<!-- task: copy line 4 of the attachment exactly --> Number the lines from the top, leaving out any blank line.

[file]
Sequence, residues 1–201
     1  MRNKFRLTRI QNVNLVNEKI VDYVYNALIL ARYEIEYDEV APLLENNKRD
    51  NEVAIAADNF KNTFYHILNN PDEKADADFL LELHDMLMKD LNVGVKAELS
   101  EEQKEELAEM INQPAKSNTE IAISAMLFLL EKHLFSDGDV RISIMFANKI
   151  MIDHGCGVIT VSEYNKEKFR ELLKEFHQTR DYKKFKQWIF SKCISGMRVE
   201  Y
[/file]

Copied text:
   101  EEQKEELAEM INQPAKSNTE IAISAMLFLL EKHLFSDGDV RISIMFANKI